"So we prefer the cross-bred calves which suit the climate here better," she said.
David and Suzie prefer the mature cows to calve in March, with the heifers calving about six weeks earlier.
"This works well with the season in Esperance," Suzie said.
"We keep them on their mums and then feed them on stubble and monitor weaning time.
"Generally we wean around Christmas time, depending on the season and the condition of the cows."
David and Suzie have consistently run about 200 breeders in previous years.
However, concerned with the variable rainfall pattern and the possibility of the region experiencing a drought in the future, they have reduced the numbers of breeders to 170.
"We are doing a bit of forward planning for the future," David said.
"That way we are prepared and will have enough water for the cattle.
"We are getting drought prepared and want to be smart about the water availability."
Looking towards the future, the Styles family is committed to the long-term viability of its farming enterprise and has put in plans to ensure the farm's sustainability.
In addition to producing cattle, the family also crops about a third of the property to barley and canola, grows hay for their cattle and runs about 500 sheep.
David said this helped to spread the risk and helped with cash-flow and budgeting.
In 2004 David and Suzie started a hay contracting business to complement the existing on farm cattle production, by providing additional off farm income.
The hay contracting started after regular demand from local clients.
"People kept ringing up and asking if I could do it," David said.
"I enjoyed the job and the demand was there, so it all went from there.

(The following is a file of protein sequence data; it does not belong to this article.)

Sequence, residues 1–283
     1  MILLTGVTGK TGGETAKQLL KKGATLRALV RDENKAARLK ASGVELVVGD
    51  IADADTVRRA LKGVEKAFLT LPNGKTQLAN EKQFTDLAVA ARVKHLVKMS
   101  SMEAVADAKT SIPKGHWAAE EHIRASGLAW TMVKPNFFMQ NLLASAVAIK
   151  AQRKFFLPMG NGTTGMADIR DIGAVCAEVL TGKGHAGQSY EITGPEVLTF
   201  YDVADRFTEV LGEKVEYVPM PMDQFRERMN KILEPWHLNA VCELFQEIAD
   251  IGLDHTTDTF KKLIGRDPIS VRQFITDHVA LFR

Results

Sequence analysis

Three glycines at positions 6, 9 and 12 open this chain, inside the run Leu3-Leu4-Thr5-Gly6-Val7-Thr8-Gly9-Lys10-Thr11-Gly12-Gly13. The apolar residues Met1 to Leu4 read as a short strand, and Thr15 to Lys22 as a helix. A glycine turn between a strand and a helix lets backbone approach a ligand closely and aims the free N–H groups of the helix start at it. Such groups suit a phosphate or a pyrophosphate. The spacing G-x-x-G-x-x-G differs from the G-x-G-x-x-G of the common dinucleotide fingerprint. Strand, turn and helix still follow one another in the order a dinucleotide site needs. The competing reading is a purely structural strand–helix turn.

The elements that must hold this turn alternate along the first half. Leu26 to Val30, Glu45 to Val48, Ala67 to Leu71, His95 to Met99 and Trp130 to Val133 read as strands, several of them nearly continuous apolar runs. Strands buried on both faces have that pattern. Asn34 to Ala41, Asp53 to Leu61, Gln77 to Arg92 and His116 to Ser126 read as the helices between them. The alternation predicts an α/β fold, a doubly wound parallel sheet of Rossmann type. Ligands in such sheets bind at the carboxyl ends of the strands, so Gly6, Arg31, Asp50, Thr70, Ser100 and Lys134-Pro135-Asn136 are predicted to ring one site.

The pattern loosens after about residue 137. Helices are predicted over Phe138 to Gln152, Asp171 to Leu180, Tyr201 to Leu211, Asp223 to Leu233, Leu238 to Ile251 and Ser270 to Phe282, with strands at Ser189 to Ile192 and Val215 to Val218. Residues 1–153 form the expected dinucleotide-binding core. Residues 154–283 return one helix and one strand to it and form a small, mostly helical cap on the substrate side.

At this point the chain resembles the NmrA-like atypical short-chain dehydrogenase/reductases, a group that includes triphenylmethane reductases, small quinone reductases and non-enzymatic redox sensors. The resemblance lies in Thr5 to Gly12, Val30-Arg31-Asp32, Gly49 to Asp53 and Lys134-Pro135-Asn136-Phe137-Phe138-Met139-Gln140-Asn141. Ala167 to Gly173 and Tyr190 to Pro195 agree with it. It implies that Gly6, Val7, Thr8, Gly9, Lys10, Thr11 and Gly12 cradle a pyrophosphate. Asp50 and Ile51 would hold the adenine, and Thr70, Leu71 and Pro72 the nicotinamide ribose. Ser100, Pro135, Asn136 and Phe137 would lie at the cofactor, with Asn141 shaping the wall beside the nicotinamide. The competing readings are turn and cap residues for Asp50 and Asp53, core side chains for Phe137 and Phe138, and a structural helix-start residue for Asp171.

"Now we have some loyal, regular clients which keeps us very busy during the season."
The start of the hay contracting business coincided with the year that David and Suzie were married.
Suzie said it was a mistake getting married in October.
"We have never celebrated our wedding anniversary and we probably never will again," she joked.
As part of their sustainability plans, a program of clay spreading is being undertaken to combat the non-wetting, water repellent soils of the Esperance region.
"If we get any summer rainfall, which we usually do, but it is getting rarer, then if the soils are well prepared to absorb this valuable water then it can make a real difference to the amount of feed available to the cattle over summer as we have some couch and veldt grass which responds to summer rain," David said.
"As the summer rainfall seems to be less reliable, the better prepared the soil, the more we can take advantage of any rain.
"It is expensive though, so we do a bit at a time."
David and Suzie also have future plans to develop their cattle production to meet the increasing market demand for grassfed beef.
After attending a recent field day on grassfed beef finishing systems, held by the Association for Sheep Husbandry, Excellence, Evaluation and Production (ASHEEP), David was inspired to look at how they could implement these systems on their farm, including growing specific pastures types.
Family involvement is at the heart of the running of the farm, with the extended family contributing towards the on farm management.
David's father and mother Graham and Linda Styles help manage the cattle side of the business, with Suzie's father Neville Shepherd and his partner Heather assisting with the hay contracting.
Having the family together and supporting each other on the farm is an important part of why Suzie loves the farming lifestyle and it is perfect for raising their four young children.
"I love how we all work together as a family, it's really special," Suzie said.
"It's nice that we can all work together as a family and help each other out," she said.